A leading Social Democrat (SPÖ) has suggested business bosses should not earn more than the president.
Josef Leitner, who heads the SPÖ’s branch in the province of Upper Austria, said today (Thurs) CEOs of companies in which the state holds stakes could have their wages cut owing to the volatile economic climate. The left-winger argued his measure would help his party in arguing why Austria supports debt-ridden European Union (EU) and Eurozone member Greece.
Leitner told the Kurier newspaper: “Many people are angered, assuming we saved banks engaged in Greece while making cuts at home. ‘You took our money away,’ some of them say.”
Leitner claimed the right-wing Freedom Party’s (FPÖ) strong position in new polls was not surprising. He hit out at the coalition of SPÖ and the conservative People’s Party (ÖVP) for agreeing on a package of measures affecting families and students in the state budget for 2011. The Lower Austrian politician called on the government to take back some of the decisions but press on with reforming the state’s bureaucracy and administration instead. Up to three billion Euros could be saved if steps to make the state work more efficiently were taken, according to Leitner. Some economists named the same amount in this regard recently.
Speaking about his vision to slash business chiefs’ earnings, Leitner explained heads of firms close to the state should not earn more than Federal President Heinz Fischer. The former SPÖ MP receives nearly 24,000 Euros before tax a month.
Asked how the federal SPÖ could stay ahead of the FPÖ, he appealed on introducing a law prohibiting speculation with public funds. Leitner also claimed the country’s political leaders should try harder to explain the aid for Greece in simple words than delivering complex calculations.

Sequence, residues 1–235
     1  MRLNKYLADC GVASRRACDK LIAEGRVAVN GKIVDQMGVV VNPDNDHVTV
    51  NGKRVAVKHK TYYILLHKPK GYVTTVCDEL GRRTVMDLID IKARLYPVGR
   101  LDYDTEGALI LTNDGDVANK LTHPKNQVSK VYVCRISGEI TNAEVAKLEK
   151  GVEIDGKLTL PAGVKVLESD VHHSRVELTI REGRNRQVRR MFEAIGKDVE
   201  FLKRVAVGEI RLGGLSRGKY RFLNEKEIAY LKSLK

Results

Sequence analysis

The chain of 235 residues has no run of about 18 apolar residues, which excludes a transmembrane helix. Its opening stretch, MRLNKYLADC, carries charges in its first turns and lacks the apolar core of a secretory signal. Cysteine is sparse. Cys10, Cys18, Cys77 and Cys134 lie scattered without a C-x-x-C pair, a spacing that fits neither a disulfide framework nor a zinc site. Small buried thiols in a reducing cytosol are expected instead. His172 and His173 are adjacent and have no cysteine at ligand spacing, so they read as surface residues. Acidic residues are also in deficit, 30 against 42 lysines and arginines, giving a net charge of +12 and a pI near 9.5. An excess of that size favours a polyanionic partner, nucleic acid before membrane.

SPÖ Vienna boss Michael Häupl made similar suggestions a few weeks ago. The mayor of the capital also called on the SPÖ-ÖVP administration to speak out more clearly about its achievements in a bid to diminish the popularity of the FPÖ. Häupl praised the government for the way it acted during the economic crisis. He called on fellow SPÖ Vienna party members to show more engagement in exposing the “lies” of FPÖ leader Heinz-Christian Strache.
Strache revealed he would order a stop of transactions to Greece if he came to power in the next election. A federal ballot is scheduled for 2013. The right-winger also hinted being in favour of abandoning the Euro in favour of Austria’s former currency, the Schilling.
His party has been riding on a high in polls, while the ÖVP slumped. The SPÖ is seen neck and neck with the FPÖ at around 27 to 30 per cent. The Greens failed to take advantage of the growing scepticism against nuclear technology, according to studies. Their share ranges around 12 per cent.
Strache claimed the government was “dispossessing” Austrians. His party controversially presented a poster campaign showing a tanned man lying in a hammock made of cloth of the flag of Greece. The placard’s slogan said: “Our money for our people!”
Analysts emphasised that the FPÖ focused on attacking the SPÖ and the ÖVP while failing to present a reasonable economic programme itself. Strache dismissed this point of view. He called on the government to do more for hardworking Austrians and young families. The Viennese politician – who took the helm of the FPÖ in 2005 – claimed several high-profile businesspeople and economic experts were ready to work as independent experts for his party if it became part of a coalition after the next vote. Strache refused to reveal any names, claiming their reputation would be damaged if he did so because of the “hostile climate” against his party created by political opponents and the press.
Commentators are at odds over whether the SPÖ or the ÖVP would cooperate with the FPÖ after the next federal election. While many SPÖ officials have ruled out such an option, influential ÖVP members have refused to comment, claiming the issue is of no importance at the moment. The party’s Integration Councillor Sebastian Kurz has become the latest ÖVP MP to argue he was not in favour of excluding any political rivals regarding potential future partnerships.
A coalition between the ÖVP and the FPÖ incited harsh reactions by political leaders and media around the world and street demonstrations attended by tens of thousands in Vienna and other Austrian cities in 2000.